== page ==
"Warm. Not cold. My body is warm. Wonderful. Legs. Toes. Toes wiggling. Trunk. A neck. Strong. A head free of pain. Eyesight. Colours. Warm blood inside. Oh, I like this. Now, I am she, alive within this oh so wonderful, wonderful frame, not that cold-blooded reptile thing. It must, must die."
IN THIS ONE... The Doctor is called to Gallifrey before he can save Peri from being lobotomized.
REVIEW: Peri, surely the most mistreated companion in Doctor Who history, becomes the second official companion to lose her life, and in a most disturbing way. She's shaved and lobotomized and the Mentor Kiv's mind is transferred into her empty brain. Played as demonic possession, the new Kiv doesn't last long before the Time Lords apparently engineer the room's destruction at the hands of Yrcanos. It's a fate worse than death, so terrible the show eventually had to go back on it, replacing it with an absurd fate instead. But what's really bad is how Peri's fate is tied into the Trial. What ARE the charges? If the Doctor is accused of putting his companions in danger, then having the Time Lords kidnap him from the moment just before he's meant to save Peri is ridiculous. If he's accused of meddling, then how do the Time Lords justify sending an assassin to kill Crozier and his lab? So messy.
The episode features the fourth version of Yrcanos in as many episodes. We've had sleeping Yrcanos, Shakespearean Yrcanos and (ugh) shouting Yrcanos. Here, he's the much better quiet Yrcanos, smiling at insults and threats, discussing love and the after life with Peri and in every way enjoying his Viking life. For about half the episode. Then he goes back to shouting (ugh). Of the other guest characters, only the Mentor with the sensitive ears (Frax) is at all interesting, though I do wonder why Sil is his species' only grotesque. I mean, did no one take Nabil Shaban's performance as a cue for what Mentors are like? Frax comes across as welcome comic relief amid all the death and destruction that follow Yrcanos' escape. Crozier is serious to the point of lacking a personality. Dorf is about as pathetic as he was in the past three episodes. Kiv's new fisherman shtick is dull and bad science to boot. And Sil remains a powerless dud.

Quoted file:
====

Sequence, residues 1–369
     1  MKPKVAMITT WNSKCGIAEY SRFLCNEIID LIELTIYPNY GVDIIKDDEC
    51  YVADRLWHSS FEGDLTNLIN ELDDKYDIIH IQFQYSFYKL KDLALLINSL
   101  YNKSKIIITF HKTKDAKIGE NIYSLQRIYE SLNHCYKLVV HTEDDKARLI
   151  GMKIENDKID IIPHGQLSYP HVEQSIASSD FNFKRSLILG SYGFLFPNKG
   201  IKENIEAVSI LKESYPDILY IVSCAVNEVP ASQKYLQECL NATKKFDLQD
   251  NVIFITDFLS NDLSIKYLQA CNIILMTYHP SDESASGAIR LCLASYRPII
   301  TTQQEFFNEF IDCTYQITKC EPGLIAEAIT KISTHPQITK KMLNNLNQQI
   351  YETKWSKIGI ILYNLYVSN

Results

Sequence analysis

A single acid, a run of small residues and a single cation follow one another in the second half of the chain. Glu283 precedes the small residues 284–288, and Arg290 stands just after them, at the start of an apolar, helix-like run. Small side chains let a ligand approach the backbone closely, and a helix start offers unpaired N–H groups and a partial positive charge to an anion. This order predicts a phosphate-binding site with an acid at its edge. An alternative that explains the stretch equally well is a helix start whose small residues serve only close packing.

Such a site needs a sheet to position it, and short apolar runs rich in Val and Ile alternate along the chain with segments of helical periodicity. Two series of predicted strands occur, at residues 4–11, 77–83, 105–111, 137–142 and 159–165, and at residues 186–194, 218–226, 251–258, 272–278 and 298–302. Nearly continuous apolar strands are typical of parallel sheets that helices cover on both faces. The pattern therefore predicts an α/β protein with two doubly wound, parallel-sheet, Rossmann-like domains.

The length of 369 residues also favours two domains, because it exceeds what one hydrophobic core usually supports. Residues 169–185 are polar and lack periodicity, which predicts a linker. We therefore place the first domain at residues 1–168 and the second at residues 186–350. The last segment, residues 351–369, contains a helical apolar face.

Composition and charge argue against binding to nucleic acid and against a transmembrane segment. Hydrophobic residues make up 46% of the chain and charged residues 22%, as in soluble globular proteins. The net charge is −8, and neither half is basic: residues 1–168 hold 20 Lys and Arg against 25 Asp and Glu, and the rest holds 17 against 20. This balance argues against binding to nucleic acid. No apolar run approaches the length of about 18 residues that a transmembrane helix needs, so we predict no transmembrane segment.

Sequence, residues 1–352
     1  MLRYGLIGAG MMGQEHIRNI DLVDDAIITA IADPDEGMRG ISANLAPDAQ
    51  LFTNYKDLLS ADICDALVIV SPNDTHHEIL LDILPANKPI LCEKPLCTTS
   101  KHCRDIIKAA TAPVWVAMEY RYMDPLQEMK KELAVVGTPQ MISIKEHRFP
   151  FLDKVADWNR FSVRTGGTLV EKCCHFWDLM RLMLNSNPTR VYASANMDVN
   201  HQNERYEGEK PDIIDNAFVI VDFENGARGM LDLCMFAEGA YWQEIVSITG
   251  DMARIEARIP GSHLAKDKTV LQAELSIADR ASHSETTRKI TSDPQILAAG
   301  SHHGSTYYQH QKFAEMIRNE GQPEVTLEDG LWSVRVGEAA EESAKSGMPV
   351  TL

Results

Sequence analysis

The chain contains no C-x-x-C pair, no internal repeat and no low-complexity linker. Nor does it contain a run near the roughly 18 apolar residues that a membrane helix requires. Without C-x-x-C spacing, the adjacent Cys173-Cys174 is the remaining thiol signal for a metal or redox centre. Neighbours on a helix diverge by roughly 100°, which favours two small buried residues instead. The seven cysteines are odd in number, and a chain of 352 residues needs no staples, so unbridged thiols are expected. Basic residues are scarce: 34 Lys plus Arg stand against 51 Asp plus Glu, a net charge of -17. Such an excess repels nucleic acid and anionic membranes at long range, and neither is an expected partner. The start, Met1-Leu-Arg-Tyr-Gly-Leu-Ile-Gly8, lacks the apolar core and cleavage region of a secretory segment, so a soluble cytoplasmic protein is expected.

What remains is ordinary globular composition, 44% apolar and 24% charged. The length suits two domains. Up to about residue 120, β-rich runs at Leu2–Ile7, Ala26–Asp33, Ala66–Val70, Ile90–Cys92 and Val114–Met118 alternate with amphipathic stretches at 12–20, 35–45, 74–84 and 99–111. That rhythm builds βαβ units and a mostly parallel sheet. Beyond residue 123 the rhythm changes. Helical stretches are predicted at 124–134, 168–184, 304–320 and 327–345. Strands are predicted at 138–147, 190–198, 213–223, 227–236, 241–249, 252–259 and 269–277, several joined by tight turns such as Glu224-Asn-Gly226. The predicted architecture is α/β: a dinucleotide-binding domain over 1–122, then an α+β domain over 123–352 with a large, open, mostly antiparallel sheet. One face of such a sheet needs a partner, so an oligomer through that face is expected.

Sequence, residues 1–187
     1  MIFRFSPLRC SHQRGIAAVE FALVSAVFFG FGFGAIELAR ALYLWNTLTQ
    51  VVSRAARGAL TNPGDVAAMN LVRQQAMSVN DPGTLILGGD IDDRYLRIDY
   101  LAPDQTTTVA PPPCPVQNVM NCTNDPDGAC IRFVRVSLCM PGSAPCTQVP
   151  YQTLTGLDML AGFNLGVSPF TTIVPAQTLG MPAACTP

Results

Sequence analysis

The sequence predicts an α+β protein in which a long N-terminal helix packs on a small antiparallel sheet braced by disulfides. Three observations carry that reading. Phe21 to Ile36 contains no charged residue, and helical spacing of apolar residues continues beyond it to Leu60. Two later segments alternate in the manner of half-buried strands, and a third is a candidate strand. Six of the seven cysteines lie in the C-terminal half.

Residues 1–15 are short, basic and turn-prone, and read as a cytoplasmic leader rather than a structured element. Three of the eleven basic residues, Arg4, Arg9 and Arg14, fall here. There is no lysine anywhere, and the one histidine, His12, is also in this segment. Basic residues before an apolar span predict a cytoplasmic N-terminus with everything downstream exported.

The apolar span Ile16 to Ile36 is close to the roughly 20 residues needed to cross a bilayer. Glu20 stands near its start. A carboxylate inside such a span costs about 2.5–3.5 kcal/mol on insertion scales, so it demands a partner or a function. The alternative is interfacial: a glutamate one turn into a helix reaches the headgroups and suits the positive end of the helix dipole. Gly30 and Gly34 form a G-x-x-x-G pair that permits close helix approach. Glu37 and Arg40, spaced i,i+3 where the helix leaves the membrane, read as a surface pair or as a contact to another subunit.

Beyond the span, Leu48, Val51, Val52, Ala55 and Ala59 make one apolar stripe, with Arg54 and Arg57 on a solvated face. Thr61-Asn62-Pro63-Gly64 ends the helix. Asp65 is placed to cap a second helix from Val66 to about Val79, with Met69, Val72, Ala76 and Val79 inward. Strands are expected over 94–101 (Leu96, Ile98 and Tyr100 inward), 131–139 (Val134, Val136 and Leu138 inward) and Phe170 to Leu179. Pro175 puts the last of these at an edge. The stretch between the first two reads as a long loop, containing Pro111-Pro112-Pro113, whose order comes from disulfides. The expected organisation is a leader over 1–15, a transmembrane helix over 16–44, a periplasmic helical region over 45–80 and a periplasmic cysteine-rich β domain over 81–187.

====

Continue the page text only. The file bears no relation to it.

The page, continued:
Bottom line, the Time Lords' interference makes it seem like the production is resolving the story by wiping out all the characters and dilemmas, along with Peri's mind. The companion doesn't need an end scene, the villains don't need to be defeated, the Doctor doesn't need to get involved. In a story where he mostly acted as a villain, he gets zero chance to show he was only faking, no chance at redemption. It's awful. And of he had ACTUALLY failed, that would be a story. But he doesn't. He's prevented from acting by the Time Lords' bad timing. Gah.
VERSIONS: The Target novelization reveals, ahead of The Ultimate Foe, that Peri actually wound up with Yrcanos, and adds that he became a wrestler with her as manager.
REWATCHABILITY: Medium-Low - It's a companion's last story, and she goes out on such a horrible note, it's a rare case of that element not improving an episode's rewatchability. Better forgotten. Let her live on in your mind.
STORY REWATCHABILITY: Medium-Low - I can hardly believe this was written and directed by the same folks who gave us Vengeance on Varos. A terrible goodbye to a companion preceded by a complete mess.